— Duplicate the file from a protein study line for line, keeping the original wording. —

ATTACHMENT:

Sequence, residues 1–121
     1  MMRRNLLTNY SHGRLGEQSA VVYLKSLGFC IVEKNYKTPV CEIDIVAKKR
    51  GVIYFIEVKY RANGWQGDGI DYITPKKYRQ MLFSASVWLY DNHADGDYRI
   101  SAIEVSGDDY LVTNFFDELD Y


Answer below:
Sequence, residues 1–121
     1  MMRRNLLTNY SHGRLGEQSA VVYLKSLGFC IVEKNYKTPV CEIDIVAKKR
    51  GVIYFIEVKY RANGWQGDGI DYITPKKYRQ MLFSASVWLY DNHADGDYRI
   101  SAIEVSGDDY LVTNFFDELD Y